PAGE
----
Century Dictionary and Cyclopedia
- n. A slip of thin glass used for covering a microscopical preparation. Also called cover-slip.
“In the other method of observation the microscope is vertical, and the emulsion imprisoned between the slide and the cover-glass has now a thickness only of the order of a tenth of a millimetre.”
“Place a cover-glass on the same and examine with a compound microscope.”
“The design should be protected by a cover-glass attached to it by a binding strip round the edges.”
“_ With an ivory paper-knife scrape the back of the tongue or the inside of the lips or cheek; place the substance thus obtained upon a glass slide; cover it with a thin cover-glass, and if necessary add a drop of water.”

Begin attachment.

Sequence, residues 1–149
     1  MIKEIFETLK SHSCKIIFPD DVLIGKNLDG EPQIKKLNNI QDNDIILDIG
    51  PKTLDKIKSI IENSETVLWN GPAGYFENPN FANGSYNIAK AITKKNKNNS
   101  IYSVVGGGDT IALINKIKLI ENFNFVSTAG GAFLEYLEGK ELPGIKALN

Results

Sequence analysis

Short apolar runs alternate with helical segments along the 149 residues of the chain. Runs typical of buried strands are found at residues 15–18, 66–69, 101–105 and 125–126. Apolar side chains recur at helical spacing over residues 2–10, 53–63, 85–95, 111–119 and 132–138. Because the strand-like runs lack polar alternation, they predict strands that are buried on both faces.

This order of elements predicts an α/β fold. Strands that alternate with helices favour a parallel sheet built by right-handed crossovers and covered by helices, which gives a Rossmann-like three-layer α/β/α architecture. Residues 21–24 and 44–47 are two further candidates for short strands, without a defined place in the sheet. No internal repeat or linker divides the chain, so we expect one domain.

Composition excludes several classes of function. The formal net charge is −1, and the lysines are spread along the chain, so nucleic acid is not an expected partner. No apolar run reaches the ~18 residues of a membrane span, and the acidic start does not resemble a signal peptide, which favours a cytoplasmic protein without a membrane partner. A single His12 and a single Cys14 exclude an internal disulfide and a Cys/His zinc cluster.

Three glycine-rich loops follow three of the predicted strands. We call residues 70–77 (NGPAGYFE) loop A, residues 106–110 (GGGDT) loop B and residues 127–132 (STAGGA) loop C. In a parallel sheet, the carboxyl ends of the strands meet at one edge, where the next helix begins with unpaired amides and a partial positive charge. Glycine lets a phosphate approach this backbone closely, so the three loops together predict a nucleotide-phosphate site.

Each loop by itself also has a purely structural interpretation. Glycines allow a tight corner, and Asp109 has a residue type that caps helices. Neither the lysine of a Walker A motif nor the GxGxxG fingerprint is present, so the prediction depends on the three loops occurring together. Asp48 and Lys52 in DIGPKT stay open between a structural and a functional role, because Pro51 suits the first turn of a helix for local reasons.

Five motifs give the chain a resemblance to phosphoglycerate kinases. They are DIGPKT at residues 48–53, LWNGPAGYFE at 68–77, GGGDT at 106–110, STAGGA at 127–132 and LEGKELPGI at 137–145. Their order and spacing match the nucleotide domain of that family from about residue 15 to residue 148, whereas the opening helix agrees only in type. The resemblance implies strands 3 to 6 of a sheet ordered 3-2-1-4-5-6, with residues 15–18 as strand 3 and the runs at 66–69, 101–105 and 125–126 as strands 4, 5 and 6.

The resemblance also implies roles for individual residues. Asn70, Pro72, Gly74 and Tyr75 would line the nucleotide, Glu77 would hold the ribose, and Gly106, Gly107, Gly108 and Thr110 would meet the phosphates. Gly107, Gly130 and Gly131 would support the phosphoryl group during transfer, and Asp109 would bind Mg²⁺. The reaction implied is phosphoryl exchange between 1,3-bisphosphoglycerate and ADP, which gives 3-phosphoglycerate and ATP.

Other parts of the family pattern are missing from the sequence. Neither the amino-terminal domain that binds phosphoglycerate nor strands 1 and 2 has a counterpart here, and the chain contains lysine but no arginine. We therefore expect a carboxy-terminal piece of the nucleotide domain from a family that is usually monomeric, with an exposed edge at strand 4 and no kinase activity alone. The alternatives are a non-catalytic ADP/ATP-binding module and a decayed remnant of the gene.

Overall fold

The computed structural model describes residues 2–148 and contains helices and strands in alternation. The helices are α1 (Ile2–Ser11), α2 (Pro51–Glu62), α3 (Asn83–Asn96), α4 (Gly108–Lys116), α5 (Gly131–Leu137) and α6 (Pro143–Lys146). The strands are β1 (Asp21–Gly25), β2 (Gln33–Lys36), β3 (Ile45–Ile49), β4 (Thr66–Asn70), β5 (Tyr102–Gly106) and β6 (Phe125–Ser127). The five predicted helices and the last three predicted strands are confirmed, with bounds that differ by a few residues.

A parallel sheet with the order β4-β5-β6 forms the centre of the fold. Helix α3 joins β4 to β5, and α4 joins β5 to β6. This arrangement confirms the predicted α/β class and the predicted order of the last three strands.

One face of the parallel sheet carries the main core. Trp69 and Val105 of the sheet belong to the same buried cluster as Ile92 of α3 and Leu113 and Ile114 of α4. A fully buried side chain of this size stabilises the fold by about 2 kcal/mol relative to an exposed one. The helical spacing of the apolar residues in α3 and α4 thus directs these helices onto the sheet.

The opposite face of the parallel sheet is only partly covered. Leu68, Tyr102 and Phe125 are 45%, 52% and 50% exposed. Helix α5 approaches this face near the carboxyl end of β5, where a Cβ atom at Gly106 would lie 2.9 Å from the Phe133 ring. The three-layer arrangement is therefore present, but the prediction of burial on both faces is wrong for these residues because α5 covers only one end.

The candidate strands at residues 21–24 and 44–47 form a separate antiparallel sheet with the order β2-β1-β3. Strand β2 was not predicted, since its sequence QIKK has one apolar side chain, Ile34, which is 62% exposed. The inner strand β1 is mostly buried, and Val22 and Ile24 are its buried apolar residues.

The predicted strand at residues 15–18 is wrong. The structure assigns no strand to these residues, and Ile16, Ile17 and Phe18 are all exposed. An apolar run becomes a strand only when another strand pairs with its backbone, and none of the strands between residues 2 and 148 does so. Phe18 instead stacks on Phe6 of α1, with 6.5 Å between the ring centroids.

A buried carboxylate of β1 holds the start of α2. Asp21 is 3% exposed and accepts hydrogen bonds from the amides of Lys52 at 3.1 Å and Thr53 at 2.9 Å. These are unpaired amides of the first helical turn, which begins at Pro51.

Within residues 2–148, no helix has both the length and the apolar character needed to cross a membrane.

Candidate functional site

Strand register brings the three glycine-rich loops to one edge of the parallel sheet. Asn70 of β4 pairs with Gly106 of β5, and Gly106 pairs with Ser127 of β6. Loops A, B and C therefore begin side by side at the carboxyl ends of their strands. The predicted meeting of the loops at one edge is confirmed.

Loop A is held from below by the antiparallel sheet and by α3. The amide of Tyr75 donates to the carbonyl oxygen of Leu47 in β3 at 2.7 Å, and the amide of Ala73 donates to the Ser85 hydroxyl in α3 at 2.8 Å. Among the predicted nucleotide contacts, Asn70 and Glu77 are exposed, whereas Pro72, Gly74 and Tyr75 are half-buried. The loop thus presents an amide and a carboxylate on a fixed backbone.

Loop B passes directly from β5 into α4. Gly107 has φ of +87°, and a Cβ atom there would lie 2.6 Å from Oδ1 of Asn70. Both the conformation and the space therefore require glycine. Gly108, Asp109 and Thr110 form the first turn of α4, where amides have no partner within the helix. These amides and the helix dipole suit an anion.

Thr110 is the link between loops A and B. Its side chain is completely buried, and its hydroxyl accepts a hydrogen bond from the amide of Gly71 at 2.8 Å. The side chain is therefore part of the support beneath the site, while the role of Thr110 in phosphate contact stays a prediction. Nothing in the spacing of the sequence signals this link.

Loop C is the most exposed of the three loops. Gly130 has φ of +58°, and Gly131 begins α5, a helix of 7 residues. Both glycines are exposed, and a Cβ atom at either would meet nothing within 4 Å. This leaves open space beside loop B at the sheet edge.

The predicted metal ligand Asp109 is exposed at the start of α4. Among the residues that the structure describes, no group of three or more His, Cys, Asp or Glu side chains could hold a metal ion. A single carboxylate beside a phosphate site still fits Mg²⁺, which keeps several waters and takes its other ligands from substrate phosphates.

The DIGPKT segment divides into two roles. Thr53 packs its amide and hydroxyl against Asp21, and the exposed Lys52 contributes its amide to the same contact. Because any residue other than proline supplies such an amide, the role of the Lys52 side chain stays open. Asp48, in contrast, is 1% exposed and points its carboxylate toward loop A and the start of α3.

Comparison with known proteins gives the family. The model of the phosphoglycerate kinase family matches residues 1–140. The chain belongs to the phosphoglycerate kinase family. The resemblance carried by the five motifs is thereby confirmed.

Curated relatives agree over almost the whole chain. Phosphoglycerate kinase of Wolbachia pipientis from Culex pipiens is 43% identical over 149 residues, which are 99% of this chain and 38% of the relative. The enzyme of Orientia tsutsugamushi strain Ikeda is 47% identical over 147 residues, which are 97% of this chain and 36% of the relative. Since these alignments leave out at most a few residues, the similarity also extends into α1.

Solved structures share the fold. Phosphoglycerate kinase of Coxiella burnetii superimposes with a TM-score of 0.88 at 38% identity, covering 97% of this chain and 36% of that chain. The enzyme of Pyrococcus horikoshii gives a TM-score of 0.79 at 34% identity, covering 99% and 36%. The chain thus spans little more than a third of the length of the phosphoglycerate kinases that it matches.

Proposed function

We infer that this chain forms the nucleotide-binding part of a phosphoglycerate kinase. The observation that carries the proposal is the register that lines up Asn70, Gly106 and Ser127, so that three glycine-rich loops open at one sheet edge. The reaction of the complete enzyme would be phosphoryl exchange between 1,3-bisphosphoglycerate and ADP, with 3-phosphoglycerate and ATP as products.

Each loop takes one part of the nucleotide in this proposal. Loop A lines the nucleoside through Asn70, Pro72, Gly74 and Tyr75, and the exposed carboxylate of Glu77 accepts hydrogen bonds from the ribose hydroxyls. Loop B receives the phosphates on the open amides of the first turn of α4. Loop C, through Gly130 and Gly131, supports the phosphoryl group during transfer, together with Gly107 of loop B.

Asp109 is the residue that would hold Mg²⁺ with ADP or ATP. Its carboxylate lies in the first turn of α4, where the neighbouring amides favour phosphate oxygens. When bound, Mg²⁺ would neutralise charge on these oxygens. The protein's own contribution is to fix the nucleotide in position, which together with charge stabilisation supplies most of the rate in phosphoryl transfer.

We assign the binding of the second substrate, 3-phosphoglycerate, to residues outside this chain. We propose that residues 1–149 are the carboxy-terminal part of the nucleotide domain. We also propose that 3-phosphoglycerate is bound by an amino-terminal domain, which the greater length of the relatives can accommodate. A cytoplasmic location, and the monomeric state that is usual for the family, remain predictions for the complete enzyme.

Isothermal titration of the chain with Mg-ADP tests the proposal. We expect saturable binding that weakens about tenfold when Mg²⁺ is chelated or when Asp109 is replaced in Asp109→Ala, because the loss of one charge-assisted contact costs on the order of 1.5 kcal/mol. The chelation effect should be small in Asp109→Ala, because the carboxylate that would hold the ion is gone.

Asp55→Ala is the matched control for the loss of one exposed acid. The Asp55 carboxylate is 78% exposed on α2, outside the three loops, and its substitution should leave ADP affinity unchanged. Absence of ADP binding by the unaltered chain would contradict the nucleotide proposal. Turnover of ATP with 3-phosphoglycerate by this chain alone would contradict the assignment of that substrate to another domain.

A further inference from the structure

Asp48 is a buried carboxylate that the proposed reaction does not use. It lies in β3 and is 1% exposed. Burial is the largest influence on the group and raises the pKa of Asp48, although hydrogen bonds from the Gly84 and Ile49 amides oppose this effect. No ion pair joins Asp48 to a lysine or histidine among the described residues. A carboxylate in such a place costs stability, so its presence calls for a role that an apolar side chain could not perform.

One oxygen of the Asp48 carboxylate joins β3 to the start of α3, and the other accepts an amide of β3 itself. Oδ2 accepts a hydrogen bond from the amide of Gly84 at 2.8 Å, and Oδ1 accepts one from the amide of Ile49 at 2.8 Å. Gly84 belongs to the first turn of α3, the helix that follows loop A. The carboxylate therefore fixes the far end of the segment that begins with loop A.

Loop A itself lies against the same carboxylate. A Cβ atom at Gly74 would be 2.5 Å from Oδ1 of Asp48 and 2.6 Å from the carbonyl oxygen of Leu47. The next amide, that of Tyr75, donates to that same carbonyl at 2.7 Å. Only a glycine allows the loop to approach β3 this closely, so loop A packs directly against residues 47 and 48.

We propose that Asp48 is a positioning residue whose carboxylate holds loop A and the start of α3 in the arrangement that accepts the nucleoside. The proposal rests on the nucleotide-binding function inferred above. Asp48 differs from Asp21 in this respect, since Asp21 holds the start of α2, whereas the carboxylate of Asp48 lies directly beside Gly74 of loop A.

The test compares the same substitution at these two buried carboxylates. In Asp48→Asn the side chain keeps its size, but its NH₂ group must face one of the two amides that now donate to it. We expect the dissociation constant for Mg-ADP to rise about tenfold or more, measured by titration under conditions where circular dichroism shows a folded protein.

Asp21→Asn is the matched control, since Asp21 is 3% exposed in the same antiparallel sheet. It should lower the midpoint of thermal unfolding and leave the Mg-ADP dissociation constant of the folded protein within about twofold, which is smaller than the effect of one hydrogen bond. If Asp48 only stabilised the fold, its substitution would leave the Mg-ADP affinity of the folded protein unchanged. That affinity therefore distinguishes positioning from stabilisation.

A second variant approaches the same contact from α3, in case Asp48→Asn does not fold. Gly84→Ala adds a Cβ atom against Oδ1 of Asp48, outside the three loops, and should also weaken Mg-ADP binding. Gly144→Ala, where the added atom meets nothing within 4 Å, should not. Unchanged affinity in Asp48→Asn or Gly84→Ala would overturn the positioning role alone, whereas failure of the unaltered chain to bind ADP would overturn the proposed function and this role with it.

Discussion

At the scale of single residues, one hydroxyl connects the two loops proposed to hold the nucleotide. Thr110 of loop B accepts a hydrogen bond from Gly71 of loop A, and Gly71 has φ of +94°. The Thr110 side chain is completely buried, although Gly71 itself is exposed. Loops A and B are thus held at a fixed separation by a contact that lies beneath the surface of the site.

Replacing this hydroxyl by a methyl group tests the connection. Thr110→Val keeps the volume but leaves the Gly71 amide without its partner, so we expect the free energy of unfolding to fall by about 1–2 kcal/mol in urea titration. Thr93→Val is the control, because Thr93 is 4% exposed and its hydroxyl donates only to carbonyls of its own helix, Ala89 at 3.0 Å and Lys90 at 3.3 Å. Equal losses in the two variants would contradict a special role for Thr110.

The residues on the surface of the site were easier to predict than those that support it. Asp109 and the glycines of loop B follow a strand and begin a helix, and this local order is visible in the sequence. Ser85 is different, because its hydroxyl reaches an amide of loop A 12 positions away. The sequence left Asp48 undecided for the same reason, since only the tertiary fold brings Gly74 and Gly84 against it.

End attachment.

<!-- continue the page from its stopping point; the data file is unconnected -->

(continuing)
“Transfer to a glass slide, add a drop of salt solution, and place over it a cover-glass with a hair underneath to prevent pressure upon the cells.”
“Place a clean, dry cover-glass of about the width of the slip, over the water containing the torn fragments.”
“A cover-glass is placed over this, and a drop of glacial acetic acid allowed to run in.”
“_ -- A cover-glass preparation stained with methylene blue reveals the gonococci lying in pairs within the leucocytes.”
“Dip the cover-glass into a beaker containing hot water in order to remove some of the vaseline adhering to it.”
“Pour on the film as much of the stain as the cover-glass will hold.”
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